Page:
I am grateful in this regard to my colleague, EU Research Commissioner Carlos Moedas, for the excellent cooperation we enjoy.
I very much appreciate his constructive approach to creating greater synergies between the CAP and Horizon 2020, improving the linkages around agriculture, research, innovation and the digital agenda.
With less than 2% of the H2020 budget, Carlos and I do a lot to meet the challenges around plant and animal diseases, climate change, food technology, and soil and water policy.
We are investing in ways to bring research and practice closer together, in particular through Multi-actor projects and Thematic Networks. The first feedback we have received on this approach is very encouraging.
The projects under Horizon 2020 enable farmers to work in cooperation with researchers and other stakeholders, notably by putting into practice ideas that meet their specific needs.
More than 500 EIP-AGRI operational groups (OGs) have started under the CAP’s rural development programmes. These hold fantastic potential for creating solutions to make farming smarter, more efficient and more sustainable, and we expect to have 3200 Operational Groups by the end of 2020.
Let me take this opportunity to congratulate Spain, which has planned to fund 853 Operational Groups in the period 2014-2020.
This is the highest number among all EU Member States, and demonstrates in a very concrete way Spain’s commitment to innovation in agriculture. I would also like to thank Spain for being a very active member of the EIP-AGRI network at European level.
We can use this example and model to ensure that agriculture can scale up on R&I, and on better systems of cooperation.
Building on this strong foundation, a number of options are open to us looking beyond 2020. I want to share with you some of my thinking about the future CAP in respect of innovation:
First, it is essential that we enhance Agricultural Knowledge and Innovation Systems (AKIS): the networks of people and organisations that generate, share, and use agriculture-related knowledge and information at national and regional level.
The EU has an interest in ensuring that a well-functioning AKIS exists throughout its territory, to address EU level objectives such as smart and resilient agriculture, environmental sustainability and climate resilience.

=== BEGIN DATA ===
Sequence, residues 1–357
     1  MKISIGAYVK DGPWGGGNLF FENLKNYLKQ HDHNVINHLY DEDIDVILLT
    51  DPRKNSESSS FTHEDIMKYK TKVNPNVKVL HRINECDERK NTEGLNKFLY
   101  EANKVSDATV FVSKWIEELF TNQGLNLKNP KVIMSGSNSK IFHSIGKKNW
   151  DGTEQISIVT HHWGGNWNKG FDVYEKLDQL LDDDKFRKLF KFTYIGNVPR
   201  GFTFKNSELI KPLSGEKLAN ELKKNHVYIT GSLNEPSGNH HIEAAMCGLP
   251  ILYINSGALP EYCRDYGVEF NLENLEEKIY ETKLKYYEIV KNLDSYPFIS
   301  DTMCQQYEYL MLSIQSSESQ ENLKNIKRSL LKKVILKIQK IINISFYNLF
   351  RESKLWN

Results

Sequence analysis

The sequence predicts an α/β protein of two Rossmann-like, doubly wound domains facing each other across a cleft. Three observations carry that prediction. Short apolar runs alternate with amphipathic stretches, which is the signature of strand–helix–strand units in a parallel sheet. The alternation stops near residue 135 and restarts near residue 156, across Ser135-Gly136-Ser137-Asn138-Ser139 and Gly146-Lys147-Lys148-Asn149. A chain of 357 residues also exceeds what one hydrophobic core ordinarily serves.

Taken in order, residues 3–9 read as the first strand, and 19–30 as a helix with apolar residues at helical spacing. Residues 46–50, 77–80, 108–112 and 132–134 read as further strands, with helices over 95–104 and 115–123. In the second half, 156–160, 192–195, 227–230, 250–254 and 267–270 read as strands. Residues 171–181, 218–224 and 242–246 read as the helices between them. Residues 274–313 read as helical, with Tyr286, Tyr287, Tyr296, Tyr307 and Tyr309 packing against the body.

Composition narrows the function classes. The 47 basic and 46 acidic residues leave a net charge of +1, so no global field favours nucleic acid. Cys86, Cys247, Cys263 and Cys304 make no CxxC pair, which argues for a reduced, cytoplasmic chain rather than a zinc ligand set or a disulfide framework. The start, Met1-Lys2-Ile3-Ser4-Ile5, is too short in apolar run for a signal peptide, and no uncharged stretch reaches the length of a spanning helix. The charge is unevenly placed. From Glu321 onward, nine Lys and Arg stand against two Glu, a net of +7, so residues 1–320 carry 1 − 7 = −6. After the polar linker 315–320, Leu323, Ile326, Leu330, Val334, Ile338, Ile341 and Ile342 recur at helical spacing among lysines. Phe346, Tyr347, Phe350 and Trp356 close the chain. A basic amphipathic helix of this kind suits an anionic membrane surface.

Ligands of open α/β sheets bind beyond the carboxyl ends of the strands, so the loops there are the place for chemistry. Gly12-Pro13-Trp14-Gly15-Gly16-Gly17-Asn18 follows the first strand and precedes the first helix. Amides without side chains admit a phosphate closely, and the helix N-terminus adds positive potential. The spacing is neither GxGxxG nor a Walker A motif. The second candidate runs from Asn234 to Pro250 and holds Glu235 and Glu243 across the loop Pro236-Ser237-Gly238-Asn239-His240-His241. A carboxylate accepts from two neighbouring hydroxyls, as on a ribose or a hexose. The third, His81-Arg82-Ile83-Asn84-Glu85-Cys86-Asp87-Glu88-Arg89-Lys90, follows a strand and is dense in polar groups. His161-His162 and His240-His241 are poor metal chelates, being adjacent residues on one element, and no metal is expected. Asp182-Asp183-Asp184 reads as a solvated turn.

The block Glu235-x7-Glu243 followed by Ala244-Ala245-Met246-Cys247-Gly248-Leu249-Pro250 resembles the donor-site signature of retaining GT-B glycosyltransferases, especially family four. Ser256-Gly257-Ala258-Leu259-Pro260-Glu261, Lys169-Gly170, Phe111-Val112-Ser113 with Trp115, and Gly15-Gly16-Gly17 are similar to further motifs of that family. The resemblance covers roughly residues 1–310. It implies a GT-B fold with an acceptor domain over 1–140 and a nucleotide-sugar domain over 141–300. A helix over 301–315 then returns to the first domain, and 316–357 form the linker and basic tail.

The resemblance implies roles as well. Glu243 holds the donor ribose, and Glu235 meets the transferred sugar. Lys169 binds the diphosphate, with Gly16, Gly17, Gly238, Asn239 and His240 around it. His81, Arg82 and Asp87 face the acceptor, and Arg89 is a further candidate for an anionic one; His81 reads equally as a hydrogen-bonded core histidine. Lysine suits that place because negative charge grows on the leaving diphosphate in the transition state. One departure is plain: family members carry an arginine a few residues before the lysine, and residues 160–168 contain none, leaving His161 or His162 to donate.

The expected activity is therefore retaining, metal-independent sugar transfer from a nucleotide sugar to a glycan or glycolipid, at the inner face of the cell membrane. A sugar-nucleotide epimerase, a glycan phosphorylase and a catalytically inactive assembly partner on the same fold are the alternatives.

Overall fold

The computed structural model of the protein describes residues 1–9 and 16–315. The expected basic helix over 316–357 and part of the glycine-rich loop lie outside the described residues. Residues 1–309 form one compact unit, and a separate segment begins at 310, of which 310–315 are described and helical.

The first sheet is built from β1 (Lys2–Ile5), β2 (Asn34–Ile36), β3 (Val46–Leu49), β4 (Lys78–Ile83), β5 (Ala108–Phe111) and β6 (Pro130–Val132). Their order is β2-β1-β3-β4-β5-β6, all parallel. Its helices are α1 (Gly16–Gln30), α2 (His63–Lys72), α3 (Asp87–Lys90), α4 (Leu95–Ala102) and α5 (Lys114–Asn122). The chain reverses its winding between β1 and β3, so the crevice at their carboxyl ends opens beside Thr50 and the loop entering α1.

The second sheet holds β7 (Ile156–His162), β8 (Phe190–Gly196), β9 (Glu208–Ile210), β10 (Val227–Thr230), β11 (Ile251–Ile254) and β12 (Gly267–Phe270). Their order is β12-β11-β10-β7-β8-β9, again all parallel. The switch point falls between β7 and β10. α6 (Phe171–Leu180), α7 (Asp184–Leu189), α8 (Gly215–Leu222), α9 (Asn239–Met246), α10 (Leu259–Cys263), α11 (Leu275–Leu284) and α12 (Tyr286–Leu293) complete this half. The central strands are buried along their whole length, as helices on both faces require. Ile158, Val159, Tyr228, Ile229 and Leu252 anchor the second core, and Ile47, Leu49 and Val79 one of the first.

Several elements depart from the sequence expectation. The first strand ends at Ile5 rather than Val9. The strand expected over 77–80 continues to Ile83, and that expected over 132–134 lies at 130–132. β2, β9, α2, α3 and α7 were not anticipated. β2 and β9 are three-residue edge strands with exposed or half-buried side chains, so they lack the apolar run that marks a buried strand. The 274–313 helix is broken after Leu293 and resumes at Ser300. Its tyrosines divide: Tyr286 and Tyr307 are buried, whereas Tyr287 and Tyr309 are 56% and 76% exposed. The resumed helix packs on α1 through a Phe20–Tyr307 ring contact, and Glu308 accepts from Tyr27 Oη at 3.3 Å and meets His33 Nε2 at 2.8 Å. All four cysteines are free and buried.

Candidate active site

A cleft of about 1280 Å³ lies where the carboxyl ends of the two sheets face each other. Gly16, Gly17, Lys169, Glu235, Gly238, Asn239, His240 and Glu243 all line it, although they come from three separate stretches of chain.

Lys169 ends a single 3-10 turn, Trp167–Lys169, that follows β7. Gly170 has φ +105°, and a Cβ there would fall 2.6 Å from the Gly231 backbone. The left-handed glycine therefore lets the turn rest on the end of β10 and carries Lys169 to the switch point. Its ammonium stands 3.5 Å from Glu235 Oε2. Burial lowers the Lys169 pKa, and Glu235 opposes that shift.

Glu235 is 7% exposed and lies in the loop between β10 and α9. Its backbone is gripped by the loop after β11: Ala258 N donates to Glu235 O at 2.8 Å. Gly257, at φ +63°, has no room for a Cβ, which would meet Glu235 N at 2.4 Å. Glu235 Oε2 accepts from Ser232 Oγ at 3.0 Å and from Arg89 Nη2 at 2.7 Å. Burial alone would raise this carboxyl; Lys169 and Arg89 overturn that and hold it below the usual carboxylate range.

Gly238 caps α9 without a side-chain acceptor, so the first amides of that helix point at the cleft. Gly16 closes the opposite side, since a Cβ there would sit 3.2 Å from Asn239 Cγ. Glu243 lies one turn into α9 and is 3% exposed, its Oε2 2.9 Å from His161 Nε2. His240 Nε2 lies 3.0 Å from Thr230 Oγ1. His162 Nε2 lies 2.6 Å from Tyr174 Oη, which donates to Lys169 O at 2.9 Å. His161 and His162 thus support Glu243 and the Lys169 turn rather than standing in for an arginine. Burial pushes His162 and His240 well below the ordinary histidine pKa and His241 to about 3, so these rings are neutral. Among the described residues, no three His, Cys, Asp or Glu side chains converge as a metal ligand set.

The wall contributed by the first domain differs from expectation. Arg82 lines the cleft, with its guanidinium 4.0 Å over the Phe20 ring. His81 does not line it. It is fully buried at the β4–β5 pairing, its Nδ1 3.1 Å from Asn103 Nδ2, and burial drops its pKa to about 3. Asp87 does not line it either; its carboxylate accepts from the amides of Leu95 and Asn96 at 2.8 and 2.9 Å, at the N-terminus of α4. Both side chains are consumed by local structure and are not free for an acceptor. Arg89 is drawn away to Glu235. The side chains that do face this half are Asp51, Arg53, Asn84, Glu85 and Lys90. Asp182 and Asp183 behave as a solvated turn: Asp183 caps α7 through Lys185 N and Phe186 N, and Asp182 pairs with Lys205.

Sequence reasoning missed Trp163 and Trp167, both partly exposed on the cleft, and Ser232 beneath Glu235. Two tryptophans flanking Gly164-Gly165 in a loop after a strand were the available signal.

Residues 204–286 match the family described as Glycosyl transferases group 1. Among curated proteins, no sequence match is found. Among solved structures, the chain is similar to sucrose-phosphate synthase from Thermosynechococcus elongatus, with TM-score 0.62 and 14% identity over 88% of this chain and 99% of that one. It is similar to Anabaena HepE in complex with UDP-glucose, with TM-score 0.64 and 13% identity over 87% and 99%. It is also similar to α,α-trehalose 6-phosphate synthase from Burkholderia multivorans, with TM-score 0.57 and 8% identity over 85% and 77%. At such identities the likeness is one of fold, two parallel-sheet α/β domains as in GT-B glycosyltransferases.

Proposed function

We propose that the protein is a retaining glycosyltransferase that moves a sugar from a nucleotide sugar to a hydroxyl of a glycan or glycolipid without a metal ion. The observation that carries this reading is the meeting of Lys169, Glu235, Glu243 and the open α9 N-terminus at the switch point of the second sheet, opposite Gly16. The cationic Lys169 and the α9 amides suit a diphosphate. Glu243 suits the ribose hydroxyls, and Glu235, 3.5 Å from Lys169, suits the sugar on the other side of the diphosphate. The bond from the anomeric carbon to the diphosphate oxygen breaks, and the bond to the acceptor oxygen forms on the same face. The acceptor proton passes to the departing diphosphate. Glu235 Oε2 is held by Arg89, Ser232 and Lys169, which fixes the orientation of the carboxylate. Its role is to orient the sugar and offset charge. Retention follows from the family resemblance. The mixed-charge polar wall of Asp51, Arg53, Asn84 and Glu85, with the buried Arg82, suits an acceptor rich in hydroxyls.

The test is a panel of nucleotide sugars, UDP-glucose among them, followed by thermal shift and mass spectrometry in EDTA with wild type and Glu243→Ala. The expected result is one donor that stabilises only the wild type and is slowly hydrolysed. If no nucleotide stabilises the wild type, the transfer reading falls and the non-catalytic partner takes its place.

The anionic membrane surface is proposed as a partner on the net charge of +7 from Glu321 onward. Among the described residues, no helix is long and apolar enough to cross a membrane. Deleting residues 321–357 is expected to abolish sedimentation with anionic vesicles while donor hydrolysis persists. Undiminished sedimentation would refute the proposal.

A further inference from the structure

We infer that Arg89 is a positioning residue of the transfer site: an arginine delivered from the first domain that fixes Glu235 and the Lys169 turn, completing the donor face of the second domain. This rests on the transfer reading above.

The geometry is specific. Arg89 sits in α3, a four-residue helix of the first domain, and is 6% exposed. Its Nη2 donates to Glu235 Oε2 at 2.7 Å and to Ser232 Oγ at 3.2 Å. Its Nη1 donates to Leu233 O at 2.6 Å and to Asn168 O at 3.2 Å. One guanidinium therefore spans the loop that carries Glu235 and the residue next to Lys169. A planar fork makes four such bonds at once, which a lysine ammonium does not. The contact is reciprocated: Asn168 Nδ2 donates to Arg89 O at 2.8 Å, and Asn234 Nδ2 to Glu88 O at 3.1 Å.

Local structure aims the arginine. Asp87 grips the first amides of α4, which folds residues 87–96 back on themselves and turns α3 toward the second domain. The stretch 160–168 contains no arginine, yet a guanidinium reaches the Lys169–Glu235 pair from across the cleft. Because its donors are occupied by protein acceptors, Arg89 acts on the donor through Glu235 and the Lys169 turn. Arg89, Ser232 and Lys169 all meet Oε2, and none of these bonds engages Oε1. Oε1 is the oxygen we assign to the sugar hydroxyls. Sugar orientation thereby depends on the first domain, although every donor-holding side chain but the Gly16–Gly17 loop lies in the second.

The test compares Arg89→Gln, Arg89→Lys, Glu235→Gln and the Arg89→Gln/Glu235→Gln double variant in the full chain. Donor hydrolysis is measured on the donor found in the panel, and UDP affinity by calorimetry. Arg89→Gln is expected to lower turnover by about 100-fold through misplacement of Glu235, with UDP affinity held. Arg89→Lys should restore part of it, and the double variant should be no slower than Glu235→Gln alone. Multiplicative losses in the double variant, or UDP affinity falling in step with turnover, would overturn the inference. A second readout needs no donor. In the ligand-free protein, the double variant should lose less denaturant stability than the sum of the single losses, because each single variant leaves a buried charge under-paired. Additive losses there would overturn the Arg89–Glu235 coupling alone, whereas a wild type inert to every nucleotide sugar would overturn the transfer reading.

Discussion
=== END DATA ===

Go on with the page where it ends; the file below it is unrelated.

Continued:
In our future policy we must insist that farmers have access to good advisory services to guide them through this agri-tech revolution.
Second, generational renewal is a core priority of the next CAP. Young, highly-trained farmers are the conduit through which innovation and new technology can be translated into action in the field. It is my intention to come forward with an ambitious package of proposals under the Future CAP package targeting support to our young farmers, to help them flourish and do what they do best: innovate.
Small and young farmers must have access to our financial support to help adapt to precision agriculture. This will improve both their incomes and their contribution to environment and climate targets.
Third, we are committed to reinforcing support for rural communities through investment, innovation support, and the provision of innovative financing tools for improving skills, services and infrastructure.
This commitment to a strong rural development pillar is our concrete response to the Cork 2.0 Declaration, entitled “A Better Life in Rural Areas” and its ten policy orientations.
As the policy evolves and new challenges emerge, the second pillar allows us to make real forward strides in the area of innovation and technology.
Finally, we cannot deliver an innovative, forward looking CAP without the financing to back it.
Sometimes, there is a temptation among some politicians and some political parties to state that the CAP has done its job, and we can therefore cut the agriculture budget by 30%. I will not be supporting this political lunacy, and the EPP must not do so either.
We are on safe ground here in Spain, and I welcome the strong support and commitment given by Prime Minister Rajoy, Minister Isabel Garcia Tejerina, and Commissioner Miguel Arias Cañete to a well-financed CAP post 2020. It is not fair that the farmers of Europe should potentially pay twice for Brexit, from the orange groves of Valencia to the reindeer forests of Finland.
For that reason, I am proud to see the EPP out in the lead again on fighting for a strong MFF and a strong CAP – Commissioner Oettinger and President Juncker have been clear on these points.
And indeed, I think we are well placed with our EPP document on the future of the MFF, which commits the EPP to fight for at least an equal share of the budget for the CAP in the future MFF.
I would like to personally thank EPP President Joseph Daul, Christian Schmidt, Michel Dantin MEP and Marian-Jean Marinescu for convening all actors in the EPP family to finalise this important document.
Together, we are perfectly placed to simplify and modernise our proud CAP.
We are a party of innovation, and we must support our rural innovators and entrepreneurs, our farmers. They are our natural and strong political base, and we should build our EPP support on top of this political base, and not do anything to remove this solid political foundation in our rural areas. Thank you.